We’re having lunch on Hamilton Ave in the Northside neighborhood, Melt Eclectic Cafe offers healthy gourmet sandwiches, fresh salads and soups. We order at the counter then sit in the front window section to wait for our food. Our East Village wrap arrives; rosemary goat cheese, pesto, roasted red peppers, smoked turkey and arugula wrapped up tight and a side of curried potato salad–both are delicious. After lunch we stroll down the street, except for one new development Northside looks much the same as it always has; local entrepreneurs fill street level shops in beautiful historic buildings, a lovely selection of housing stock is available. I love the mural with daisies covering a powder blue background. We stop in at Bee Haven which sells a variety of products including honey, beeswax candles and chocolate, we try a few samples, I grab some lip balm and we’re off. Taking our time we wander in and out of Happy Chicks Bakery, a Cluxton Alley coffee shop called Collective Espresso, Shake It Records selling new and used vinyl, CD’s and DVD’s, a vintage shop called Chicken Lays An Egg with racks and racks of funky clothing, shoes and accessories. The neighborhood is home to a diverse population; college students, the creative class, young professionals and GLBTQ all live in the historic district.
We grab a coffee at Sidewinder, hop in the Jeep and start our journey north. It has been a great few days in Cincinnati but it’s time to head home. Kris is taking the scenic route; in West Liberty OH he veers off on State Route 245, it is here you will find the largest of all the cave systems in Ohio at the Ohio Caverns. The caverns were discovered in August 1897 by farm hand Robert Noffsinger, when he informed the landowner of his discovery, William Reams explored the caverns for himself then opened the cave to the public in September 1897. After 25 years of people removing crystals, touching formations and writing their names on walls and ceilings with smoke from oil lamps, the area was destroyed. In 1922 two brothers bought the land and spent 3 1/2 years digging out mud left in the tunnels by the underground river that formed the cavern, they dug out a 1-mile route, strung light bulbs powered by a Fordson tractor on the surface and opened the business as the Ohio Caverns in 1925. Concrete floors were put in in the 1970’s and a lighting professional came in the 1980’s creating concrete sconces and less obstructive lighting. The tour still uses the 1925 route.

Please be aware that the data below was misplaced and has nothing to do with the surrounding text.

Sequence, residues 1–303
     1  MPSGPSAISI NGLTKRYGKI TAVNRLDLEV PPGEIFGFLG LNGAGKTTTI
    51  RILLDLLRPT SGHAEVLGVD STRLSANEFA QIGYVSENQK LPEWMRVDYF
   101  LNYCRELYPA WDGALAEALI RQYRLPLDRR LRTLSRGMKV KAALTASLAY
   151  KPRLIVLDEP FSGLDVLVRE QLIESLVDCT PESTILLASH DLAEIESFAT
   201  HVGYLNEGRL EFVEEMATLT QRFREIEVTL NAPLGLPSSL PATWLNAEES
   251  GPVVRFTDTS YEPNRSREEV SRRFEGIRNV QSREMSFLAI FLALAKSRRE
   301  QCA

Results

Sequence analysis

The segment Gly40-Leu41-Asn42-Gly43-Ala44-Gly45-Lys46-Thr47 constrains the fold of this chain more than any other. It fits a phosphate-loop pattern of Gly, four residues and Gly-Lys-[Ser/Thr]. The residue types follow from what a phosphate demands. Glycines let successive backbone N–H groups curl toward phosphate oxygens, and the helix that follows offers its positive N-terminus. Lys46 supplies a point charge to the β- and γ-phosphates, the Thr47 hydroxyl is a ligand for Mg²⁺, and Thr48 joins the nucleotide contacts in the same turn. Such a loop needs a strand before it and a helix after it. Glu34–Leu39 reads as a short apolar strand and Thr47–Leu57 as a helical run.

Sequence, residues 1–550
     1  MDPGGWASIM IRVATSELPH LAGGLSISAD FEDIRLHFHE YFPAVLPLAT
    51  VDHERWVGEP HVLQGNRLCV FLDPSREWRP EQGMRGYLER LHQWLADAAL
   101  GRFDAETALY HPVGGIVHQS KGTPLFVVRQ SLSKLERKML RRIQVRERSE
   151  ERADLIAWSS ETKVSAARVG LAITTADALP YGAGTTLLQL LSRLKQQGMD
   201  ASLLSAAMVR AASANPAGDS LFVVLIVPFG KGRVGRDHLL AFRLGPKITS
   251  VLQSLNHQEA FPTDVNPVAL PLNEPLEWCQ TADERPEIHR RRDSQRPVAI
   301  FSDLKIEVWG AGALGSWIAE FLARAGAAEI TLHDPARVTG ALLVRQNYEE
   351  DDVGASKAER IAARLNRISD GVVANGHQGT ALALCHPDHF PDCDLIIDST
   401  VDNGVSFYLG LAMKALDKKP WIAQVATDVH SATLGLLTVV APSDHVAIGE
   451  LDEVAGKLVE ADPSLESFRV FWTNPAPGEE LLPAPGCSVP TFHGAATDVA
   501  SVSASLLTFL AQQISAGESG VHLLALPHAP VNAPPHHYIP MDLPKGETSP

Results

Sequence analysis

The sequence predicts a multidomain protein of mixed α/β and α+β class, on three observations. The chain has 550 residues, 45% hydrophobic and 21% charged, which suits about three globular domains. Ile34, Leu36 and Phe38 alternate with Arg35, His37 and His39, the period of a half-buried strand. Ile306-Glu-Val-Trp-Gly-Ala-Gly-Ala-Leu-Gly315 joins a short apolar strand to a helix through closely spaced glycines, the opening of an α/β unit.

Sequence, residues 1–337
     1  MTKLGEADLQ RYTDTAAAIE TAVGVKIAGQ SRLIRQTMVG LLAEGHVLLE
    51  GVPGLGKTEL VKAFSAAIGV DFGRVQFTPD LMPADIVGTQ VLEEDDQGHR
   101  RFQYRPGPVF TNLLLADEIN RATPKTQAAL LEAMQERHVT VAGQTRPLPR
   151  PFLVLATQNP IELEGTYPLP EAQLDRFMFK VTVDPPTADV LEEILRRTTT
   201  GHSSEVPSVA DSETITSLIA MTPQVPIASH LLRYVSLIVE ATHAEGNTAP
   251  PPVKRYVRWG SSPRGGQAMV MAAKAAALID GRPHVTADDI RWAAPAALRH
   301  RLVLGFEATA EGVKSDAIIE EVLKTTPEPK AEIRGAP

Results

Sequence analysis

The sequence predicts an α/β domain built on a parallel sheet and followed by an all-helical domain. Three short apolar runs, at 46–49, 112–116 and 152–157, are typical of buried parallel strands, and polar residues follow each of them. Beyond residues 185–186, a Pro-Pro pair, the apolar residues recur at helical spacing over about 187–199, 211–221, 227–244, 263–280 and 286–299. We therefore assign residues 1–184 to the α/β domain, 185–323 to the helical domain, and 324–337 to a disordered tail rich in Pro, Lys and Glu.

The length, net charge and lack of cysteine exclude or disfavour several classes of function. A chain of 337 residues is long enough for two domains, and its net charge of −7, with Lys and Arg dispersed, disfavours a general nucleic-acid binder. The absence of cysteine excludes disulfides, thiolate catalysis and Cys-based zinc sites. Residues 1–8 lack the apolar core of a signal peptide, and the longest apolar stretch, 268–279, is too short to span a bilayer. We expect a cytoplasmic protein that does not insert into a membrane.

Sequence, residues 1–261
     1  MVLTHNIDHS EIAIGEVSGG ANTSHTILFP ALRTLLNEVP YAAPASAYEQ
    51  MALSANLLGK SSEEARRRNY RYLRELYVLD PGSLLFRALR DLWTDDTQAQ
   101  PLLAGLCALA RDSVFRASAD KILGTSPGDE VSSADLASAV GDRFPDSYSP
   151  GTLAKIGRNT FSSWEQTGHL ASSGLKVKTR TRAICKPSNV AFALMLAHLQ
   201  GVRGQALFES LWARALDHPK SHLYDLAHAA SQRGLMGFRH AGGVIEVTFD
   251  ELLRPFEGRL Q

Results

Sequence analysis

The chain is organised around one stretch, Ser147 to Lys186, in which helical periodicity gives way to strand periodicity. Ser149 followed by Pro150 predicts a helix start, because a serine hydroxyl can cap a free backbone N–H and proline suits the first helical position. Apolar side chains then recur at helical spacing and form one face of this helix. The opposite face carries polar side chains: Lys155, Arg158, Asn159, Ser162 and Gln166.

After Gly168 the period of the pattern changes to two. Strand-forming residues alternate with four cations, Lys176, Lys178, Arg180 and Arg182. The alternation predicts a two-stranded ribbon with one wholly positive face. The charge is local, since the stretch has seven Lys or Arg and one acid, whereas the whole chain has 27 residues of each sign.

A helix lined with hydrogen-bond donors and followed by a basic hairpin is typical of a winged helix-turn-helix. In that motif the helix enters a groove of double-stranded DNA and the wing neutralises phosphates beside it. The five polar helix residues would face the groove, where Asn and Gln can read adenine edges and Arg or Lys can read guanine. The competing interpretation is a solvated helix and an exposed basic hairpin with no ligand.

We purchase tickets in the gift shop, a tour is just about to start, good timing… We descend the concrete stairway to the cave entrance, though the pathway is narrow it does not feel constricting, water drips from the cave ceiling, it has been raining for days, shallow puddles form on the walkway. Our tour guide is friendly and informative, she shines the beam of her flashlight on significant formations as we go. Artificial light from nearby bulbs has caused moss to grow in a few areas, care is now taken to turn off lights as the group progresses through the cave. The pathway is smooth, the ceiling low, formations are everywhere. Stalactites cling to the ceiling, stalagmites sprout from the floor, soda straws hang from above. Walls vary in patterns, textures and colors. The Crystal Sea is a water retention pool that holds excess water out of the walkway, the ceiling reflects on the surface of the pool, a bevy of crystals clustered together, so pretty. The Natural Bridge holds nearly 20 crystal columns and is the original floor of the tunnel, they left the columns intact when they dug the pathway, digging under the columns, forming the natural bridge.
One section holds more soda straws and helictites than any other area of the cavern, they call it Fantasy Land, yep, I can see that. Our guide shines her light on a formation and asks the group what it looks like, this is Old Town Pump, it really does look like a hand pump. The formations remind me of icicles, carrots, coral. Crystal King is estimated to be over 200,000 years old and was last measured at almost 5′ long. There’s a tranquility in the cave that’s hard to describe, maybe it’s being so far underground. We stop to look at the ‘good luck’ crystal, the top now stained brown from years of being touched by visitors, a no-touch rule has now been established. We enter the Palace of the Gods, rich in color it feels lavish compared to the other areas. The variety of colors on the walls come from iron oxide and manganese dioxide, lavish surfaces of flowstone, calcite formations, columns and dual formations make this section unique. The Jewel Room is the most colorful, the color splits down the middle of the room making one side a rusty iron oxide color, the other a darker color from manganese dioxide deposits. This is the end of the tour. A recording of Beautiful Ohio starts to play, a time-honored tradition since 1928.
This is the end of our tour too. We hope you have enjoyed tagging along with us on our southern Ohio adventure. See you back in Detroit!